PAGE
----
Fuel stabilizers. This one that many Curbside Classic owners are likely to consider when they put it away for the sometimes long winter. Fact is fuel does go bad with age. It actually oxidizes and the different components can evaporate at different rates. With gas containing ethanol it can degrade in as little as 3 months. Looking at the MSDS for a number of them show that the common components are oils from “light” to “heavy”, naphtha, and a usually small amount of their particular proprietary component. The reasons given why they work range from that they are an anti-oxidant, to that they contain a more volatile compound that becomes that “target” of the oxidation process.
Hey wait a minute……..the components of the fuel system cleaners and fuel stabilizers seem pretty similar….hmmm.
Yup and you’ll find a number of products that claim to both be fuel system cleaners and fuel stabilizers, even if they are primarily marketed as for one or the other. The products that are primarily sold as stabilizers tend to have a thicker base than the cleaning products. In my research for this I noted that some people indicated that the products that use a heavy oil base sometimes seemed to leave their own residue. Others have noted good results using a product marketing as a combo cleaner/stabilizer for long term storage.
Octane Boosters. Many claim to make racing fuel out of ordinary pump gas. They seemed to take off with the intro of “low-lead” and reduced availability of extreme octane fuels in the 70’s. Do they work? Most brands have proven to raise the octane but it usually is an expensive way to get octane. If your car starts to ping after filling up at a questionable station it might provide what is needed to run that batch out. If you’ve got an old school super high compression engine and the race gas you normally use isn’t available then a couple or 3 bottles may be just the ticket. For the most part however fixing the underlying issue or changing your tune/set up to accommodate the fuel available would be more cost effective in the long run.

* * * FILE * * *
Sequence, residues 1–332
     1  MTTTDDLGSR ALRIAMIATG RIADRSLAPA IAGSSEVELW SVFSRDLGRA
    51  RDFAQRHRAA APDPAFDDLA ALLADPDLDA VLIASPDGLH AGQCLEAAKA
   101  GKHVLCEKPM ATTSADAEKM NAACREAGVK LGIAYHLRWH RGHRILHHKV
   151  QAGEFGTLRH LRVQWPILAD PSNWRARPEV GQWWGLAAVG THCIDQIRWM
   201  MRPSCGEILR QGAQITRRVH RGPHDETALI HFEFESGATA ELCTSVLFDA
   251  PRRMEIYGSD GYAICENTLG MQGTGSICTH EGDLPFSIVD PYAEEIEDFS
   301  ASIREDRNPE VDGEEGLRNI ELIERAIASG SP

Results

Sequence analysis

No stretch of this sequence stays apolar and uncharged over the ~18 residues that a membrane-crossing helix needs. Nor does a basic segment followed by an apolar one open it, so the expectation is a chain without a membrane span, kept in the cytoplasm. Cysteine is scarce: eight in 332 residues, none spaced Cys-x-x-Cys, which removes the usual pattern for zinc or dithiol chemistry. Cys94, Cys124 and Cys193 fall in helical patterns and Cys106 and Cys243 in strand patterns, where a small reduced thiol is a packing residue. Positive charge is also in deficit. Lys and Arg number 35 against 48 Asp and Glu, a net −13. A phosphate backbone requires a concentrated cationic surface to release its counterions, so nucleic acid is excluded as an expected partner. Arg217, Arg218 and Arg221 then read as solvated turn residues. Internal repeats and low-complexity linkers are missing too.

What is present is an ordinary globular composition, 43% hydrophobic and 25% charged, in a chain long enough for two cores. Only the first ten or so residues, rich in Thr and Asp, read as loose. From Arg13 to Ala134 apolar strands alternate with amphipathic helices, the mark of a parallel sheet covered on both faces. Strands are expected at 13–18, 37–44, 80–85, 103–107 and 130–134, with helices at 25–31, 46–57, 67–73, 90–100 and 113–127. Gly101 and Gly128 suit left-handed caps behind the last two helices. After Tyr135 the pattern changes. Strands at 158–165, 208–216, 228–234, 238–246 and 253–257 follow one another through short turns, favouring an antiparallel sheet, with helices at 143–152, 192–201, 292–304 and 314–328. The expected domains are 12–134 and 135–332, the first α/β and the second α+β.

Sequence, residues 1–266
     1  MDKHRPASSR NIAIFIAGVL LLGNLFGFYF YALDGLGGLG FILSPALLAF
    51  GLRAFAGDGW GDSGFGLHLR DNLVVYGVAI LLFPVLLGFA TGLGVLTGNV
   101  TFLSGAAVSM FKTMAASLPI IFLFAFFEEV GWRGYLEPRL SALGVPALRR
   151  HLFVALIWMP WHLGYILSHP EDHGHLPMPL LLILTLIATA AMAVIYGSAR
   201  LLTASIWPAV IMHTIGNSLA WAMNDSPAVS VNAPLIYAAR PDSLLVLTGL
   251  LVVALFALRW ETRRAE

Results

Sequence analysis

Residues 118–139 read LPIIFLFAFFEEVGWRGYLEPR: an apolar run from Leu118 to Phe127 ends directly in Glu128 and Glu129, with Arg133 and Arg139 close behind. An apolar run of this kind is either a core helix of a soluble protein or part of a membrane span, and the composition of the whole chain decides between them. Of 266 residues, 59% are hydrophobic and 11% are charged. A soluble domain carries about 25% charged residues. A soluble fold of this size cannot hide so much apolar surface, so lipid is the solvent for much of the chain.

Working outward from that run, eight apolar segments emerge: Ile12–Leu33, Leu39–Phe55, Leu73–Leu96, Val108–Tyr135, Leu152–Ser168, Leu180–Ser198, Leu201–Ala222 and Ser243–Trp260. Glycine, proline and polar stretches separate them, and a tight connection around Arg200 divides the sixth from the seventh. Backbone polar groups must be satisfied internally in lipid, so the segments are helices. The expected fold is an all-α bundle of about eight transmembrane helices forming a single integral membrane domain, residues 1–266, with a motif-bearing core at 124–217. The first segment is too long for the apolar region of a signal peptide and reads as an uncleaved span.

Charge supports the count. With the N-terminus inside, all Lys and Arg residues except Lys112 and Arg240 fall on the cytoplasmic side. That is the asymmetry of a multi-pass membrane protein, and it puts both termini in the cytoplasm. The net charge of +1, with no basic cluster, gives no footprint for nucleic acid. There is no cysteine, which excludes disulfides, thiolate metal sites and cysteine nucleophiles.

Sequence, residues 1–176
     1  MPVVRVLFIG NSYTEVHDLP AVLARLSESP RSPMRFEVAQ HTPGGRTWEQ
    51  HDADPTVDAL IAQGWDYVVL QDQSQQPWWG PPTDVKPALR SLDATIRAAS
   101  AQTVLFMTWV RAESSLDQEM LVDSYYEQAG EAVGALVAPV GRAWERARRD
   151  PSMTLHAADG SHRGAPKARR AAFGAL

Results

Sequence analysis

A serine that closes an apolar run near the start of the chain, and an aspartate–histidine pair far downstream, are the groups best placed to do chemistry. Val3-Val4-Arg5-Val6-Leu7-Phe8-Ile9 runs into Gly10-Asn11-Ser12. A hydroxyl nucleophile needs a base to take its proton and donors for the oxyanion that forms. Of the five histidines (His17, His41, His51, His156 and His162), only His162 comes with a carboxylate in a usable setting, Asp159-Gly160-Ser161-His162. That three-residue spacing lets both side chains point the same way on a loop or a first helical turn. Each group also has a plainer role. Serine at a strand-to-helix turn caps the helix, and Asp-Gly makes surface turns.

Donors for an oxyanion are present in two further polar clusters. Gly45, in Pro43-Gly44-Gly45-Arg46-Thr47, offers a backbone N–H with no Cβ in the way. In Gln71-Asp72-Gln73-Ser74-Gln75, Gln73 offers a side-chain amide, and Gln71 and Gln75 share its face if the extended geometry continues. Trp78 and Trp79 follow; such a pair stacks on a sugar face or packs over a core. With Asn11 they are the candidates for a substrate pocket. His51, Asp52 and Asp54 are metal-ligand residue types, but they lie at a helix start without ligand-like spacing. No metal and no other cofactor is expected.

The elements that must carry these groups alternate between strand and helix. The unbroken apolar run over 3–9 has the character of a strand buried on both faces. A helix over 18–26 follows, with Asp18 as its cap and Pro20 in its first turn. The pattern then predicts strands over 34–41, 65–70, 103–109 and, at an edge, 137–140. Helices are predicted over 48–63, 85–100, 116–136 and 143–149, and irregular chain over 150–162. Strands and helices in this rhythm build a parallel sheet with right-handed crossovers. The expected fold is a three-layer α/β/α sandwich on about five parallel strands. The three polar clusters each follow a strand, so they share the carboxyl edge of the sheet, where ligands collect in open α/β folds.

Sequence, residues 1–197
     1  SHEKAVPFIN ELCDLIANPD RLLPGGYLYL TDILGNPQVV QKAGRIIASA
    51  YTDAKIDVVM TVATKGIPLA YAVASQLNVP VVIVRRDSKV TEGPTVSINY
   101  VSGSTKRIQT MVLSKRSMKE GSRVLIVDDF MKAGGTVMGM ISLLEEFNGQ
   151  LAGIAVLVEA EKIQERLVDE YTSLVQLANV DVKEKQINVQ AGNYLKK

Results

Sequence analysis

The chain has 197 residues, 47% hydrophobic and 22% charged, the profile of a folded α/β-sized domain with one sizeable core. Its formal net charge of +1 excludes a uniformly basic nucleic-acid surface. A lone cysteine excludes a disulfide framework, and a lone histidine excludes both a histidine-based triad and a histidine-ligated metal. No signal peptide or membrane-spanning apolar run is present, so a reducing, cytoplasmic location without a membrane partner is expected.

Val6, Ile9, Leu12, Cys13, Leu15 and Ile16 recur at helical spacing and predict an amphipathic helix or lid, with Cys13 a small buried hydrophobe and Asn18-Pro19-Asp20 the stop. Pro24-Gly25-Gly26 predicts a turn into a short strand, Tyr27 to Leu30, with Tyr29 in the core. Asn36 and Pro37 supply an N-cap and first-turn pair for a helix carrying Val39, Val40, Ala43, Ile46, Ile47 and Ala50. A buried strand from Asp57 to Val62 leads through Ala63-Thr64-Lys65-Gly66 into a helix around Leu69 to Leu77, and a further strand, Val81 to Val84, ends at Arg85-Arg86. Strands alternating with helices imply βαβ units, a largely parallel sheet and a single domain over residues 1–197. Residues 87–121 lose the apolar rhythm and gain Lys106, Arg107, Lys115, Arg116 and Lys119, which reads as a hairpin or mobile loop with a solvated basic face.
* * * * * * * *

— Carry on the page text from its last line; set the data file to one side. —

I mentioned gasoline containing ethanol a couple of times so we should probably discuss that since it certainly could be considered a fuel additive. I don’t want to start the debate of why it’s good/bad so hopefully we can stay away from the political side, there are lots of other sites to debate politics. Fact is some cities and states have mandated some or all fuel be E10, some metropolitan areas have year round or seasonal “oxygenated fuel” (E5.75%), other areas may contain anywhere up to E10 despite the lack of a State, Local, or Fed mandate.
Just to make it more confusing are the individual state’s labeling laws. It varies from prohibiting noting the presence of ethanol, others allowing it but not requiring it, to states that require at least a sticker containing words to the effect “may contain up to 10% ethanol”. So you may have to do a little research to see what exactly it is that you get from your local pumps. But knowing what you are putting in the tank of your car especially your Curbside Classic.
Now I’m not a chemist nor do I play one on TV, so if there are any chemists out there and can shed some more light on these products speak up. Have you had a particularly good or bad experience with fuel additives? Never used one in your life? Let us know.